Things to do in Prenzlauer BergEdit This
Prenzlauer Berg, once home to revolutionaries struggling under the oppression of East Berlin, is now a cultural and artistic hub in the reunified city. There are many coffee shops and boutiques, as well as sites conveying reminders of the grim history of Berlin during the 1930s. After a visit by President Clinton to the area, investors and young West Germans began to take another look at this area.
Things to Do in Prenzlauer Berg
As the district is a throwback to the 'hip' scenes of the 1920s, the tourist should not be surprised that in Prenzlauer Berg, things to do are not a priority. There are a great many things to see and do in the area, such as the museum dedicated to the Berlin Wall, but not a lot of activities available.
One option might be to visit the Prenzlauer Berg shopping centers because there are plenty of bookshops and record shops available, but expect the record shops to be full of 80’s music. The Germans seem to love music of that decade for some reason. Stores will often have second-hand clothing and other older items, so the area is a great place for just wandering around, not doing much.
It is also a good idea to visit the Kulturbrauerei, which is exactly what it says it is--a former brewery that has now been turned into cultural centers, including a multi-screen cinema. There are a number of signs that explain the purposes of the old Brewery buildings, and there is also a pleasant restaurant on site.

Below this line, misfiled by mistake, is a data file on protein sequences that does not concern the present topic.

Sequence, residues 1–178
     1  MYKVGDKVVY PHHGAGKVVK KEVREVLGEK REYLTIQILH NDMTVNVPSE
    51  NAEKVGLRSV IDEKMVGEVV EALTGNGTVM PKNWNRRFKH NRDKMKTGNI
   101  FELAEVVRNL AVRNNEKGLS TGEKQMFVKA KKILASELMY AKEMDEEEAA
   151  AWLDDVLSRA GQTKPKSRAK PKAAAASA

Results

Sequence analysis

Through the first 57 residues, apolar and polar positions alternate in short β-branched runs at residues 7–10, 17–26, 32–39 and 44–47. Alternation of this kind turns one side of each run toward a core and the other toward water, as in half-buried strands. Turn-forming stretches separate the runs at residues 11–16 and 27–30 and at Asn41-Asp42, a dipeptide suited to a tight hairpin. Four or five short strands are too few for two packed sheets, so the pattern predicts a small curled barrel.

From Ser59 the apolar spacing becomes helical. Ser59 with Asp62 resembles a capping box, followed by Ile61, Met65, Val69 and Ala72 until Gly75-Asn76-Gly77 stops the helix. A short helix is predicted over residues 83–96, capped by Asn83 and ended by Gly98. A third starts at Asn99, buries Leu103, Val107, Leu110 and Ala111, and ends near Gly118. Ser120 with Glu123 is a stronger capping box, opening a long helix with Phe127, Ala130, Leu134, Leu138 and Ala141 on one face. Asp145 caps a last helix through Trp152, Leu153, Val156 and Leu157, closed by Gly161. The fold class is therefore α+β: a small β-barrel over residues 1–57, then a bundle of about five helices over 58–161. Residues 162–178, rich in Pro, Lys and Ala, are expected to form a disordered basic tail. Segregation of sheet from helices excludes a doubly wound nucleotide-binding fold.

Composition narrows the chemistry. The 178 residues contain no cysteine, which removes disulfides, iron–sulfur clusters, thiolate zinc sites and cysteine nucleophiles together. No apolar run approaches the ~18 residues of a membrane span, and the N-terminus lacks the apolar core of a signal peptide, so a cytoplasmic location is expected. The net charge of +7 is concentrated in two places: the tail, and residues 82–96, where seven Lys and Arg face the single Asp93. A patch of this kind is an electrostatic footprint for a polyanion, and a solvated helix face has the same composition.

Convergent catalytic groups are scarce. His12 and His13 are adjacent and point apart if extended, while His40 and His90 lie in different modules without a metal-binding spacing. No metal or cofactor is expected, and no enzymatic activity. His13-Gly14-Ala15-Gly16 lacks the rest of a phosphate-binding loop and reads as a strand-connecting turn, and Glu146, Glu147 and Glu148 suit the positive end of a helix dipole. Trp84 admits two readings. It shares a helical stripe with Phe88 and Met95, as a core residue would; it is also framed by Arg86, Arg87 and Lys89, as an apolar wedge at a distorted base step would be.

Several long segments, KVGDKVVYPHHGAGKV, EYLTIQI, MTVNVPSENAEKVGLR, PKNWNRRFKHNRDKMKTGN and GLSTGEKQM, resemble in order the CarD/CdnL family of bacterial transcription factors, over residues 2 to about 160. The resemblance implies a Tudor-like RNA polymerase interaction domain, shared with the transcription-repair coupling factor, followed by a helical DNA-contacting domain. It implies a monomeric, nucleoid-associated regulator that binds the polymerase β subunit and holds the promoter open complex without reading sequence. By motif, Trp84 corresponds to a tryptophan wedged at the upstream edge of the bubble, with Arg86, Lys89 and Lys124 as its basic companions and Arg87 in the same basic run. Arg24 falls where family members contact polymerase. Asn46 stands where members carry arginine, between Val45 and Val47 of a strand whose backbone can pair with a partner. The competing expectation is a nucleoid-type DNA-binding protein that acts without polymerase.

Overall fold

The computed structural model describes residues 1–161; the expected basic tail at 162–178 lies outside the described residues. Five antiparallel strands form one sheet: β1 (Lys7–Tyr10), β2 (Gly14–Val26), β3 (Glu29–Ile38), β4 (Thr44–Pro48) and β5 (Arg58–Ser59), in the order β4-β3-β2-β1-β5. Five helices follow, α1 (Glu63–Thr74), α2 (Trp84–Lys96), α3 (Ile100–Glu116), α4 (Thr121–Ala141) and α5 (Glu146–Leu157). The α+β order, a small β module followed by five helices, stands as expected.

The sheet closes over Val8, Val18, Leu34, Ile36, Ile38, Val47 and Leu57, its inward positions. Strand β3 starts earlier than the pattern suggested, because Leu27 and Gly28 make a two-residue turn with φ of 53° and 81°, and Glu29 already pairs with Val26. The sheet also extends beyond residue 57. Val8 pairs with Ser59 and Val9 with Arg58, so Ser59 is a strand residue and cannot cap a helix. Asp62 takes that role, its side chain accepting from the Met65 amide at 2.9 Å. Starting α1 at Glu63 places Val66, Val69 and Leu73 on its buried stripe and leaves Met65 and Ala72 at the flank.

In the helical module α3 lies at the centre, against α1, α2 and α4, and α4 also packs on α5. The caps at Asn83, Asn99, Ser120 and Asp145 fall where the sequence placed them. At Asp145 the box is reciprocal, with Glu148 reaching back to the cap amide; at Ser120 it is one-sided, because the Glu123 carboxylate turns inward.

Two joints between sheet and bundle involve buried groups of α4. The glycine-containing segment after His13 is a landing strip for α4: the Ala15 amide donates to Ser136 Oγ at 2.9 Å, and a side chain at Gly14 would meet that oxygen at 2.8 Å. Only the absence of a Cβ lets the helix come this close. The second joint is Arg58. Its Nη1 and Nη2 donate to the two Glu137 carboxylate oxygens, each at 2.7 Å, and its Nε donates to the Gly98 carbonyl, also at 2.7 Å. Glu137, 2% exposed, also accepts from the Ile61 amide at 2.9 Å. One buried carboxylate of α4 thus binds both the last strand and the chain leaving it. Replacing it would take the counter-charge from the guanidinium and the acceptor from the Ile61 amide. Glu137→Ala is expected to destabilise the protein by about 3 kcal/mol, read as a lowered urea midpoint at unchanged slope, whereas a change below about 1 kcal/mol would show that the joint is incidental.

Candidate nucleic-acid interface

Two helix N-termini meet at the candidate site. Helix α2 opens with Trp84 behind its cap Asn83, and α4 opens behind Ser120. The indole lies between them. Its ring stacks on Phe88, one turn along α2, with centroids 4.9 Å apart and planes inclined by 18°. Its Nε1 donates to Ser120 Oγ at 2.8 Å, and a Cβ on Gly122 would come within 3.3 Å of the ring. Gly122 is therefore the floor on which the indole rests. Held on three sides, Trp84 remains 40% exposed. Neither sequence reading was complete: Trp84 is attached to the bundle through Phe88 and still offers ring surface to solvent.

On the theme of old buildings made new, the old water towers in Knaackstrasse are 19th century relics called “Thin Herman and “Thick Herman” and some have been made into studio flats.Other Things to Try
Don’t omit visiting the Kauf Dich Glucklich in Oderbergerstrasse which is a coffee and ice-cream parlour that also bizarrely sells second-hand furniture. Where else in the world can you find an antique bargain while eating ice cream?
Another place to visit is the Husemannstrass, a little street near Danzigerstrasse which was built during the Socialist era with the intention of it becoming a living museum of Old Berlin. Some of the buildings have been completely remodelled in order to create a series of houses that would serve as ‘period pieces’ of Old Berlin history. Most of the houses look as though they were built about 1900, and the street signs are also reproductions of early 20th century signs.
For kids! Visit Mundo Azul, the International Children's Bookstore offers books and occasionally workshops for kids and parents who speak English, Spanish, French, Italian and German.